Ted Ray (real name Charlie Olden; 21 November 1905 – 8 November 1977) was a popular English comedian of the 1950s and 1960s.
Ray was born in Wigan, Lancashire. His parents moved to Liverpool within days of his birth and Liverpudlians regard him as a local. As a comedian of the 1940s and 1950s he demonstrated his ad-libbing skills in his weekly radio show, Ray's A Laugh, from 1949 until 1961.
A music hall comedian, Ray usually played violin badly as part of his act. He also played comedy roles in several British films—notably as the headmaster in Carry On Teacher. He is best remembered for Ray's a Laugh, a domestic comedy in which he was accompanied by Australian Kitty Bluett, who played his wife. Other actors and actresses who featured on the show during the run including Peter Sellers, Fred Yule, Patricia Hayes, Kenneth Connor, Pat Coombs and Graham Stark; Sellers' earliest appearances predated The Goon Show by a couple of years. In 1940 and 1950 Ray was King Rat of the Grand Order of Water Rats.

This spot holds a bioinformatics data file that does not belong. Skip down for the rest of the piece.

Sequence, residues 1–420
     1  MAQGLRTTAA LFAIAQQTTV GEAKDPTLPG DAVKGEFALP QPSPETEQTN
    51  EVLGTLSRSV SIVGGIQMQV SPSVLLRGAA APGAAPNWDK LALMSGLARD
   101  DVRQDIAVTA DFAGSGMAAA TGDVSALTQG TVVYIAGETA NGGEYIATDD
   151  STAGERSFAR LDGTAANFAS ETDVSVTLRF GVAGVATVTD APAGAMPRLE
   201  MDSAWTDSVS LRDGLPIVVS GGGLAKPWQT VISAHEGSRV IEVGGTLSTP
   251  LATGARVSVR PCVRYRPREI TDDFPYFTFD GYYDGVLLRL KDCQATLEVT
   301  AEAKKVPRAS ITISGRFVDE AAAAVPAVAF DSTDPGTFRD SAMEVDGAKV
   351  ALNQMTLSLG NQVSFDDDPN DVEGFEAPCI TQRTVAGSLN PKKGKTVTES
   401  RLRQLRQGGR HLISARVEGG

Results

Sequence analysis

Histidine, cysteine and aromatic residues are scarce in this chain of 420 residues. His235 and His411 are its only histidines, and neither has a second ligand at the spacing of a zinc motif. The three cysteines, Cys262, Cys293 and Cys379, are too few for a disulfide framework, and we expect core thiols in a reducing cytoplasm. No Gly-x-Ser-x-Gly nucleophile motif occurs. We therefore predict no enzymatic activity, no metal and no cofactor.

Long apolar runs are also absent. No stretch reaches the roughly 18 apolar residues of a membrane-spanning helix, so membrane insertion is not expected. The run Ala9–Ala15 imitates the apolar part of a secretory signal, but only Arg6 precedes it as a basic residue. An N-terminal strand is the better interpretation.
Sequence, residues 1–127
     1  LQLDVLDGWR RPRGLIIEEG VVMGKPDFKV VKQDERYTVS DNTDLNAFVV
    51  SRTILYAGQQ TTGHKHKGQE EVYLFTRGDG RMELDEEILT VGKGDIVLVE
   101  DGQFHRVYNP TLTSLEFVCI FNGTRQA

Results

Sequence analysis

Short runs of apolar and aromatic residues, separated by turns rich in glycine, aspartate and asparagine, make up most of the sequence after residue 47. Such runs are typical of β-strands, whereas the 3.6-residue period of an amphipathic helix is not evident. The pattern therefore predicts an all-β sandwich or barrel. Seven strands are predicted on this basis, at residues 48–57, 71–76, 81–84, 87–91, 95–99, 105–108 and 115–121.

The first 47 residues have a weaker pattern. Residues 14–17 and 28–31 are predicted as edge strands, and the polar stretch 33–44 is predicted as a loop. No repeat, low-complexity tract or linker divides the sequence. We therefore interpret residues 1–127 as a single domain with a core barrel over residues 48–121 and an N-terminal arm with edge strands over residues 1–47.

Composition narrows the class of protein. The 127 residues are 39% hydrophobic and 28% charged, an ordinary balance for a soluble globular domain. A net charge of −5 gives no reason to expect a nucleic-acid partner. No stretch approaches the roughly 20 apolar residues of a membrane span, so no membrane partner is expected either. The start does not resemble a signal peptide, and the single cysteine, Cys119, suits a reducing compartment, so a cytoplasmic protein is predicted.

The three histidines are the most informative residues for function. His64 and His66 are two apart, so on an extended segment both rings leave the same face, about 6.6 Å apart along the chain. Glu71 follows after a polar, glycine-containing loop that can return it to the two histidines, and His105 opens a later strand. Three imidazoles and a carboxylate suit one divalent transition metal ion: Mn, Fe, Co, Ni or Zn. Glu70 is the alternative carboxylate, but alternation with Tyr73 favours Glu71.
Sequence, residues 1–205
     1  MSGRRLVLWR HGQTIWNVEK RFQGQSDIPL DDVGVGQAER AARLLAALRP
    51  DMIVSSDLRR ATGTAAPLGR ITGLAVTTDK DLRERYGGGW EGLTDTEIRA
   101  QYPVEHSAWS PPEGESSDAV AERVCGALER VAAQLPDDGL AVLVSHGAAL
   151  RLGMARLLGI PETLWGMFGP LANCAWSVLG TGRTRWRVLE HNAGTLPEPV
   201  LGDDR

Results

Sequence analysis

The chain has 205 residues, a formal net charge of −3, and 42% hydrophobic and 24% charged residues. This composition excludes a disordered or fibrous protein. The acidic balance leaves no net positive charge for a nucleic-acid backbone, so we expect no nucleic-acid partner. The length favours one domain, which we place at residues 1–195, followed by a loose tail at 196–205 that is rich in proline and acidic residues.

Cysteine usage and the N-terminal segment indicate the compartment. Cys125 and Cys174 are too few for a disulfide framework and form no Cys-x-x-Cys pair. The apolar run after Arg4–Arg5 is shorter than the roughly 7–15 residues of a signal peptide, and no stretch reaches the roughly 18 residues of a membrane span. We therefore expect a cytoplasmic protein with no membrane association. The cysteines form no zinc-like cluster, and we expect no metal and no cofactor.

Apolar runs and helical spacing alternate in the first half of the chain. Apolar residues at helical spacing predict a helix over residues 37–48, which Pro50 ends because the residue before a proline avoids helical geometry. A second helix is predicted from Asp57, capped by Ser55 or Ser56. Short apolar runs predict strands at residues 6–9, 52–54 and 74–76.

Ray was an accomplished golfer, frequently playing with professional sportsmen. Later in his career he appeared with Jimmy Edwards, Arthur Askey and Cyril Fletcher in the comedy radio panel game Does the Team Think?
Ted Ray appeared on television reading on Jackanory (a children's programme) in the 1960s and 1970s. For several years, Ray presented a radio show on BBC Radio 2 in the early 1970s. He was also involved in Joker's Wild, an ITV celebrity comedy game show (1971–74) which was chaired by Barry Cryer. Arthur Askey was another regular on the show.
He married showgirl Dorothy (née Sibil) and the couple had two sons: Robin Ray, a well known television personality in the 1960s and 1970s, who initiated Call My Bluff and specialist classical music shows, and Andrew Ray, a child star of the 1950s who had a long career on stage, film and television.
Ray's a Laugh (1949–1961)
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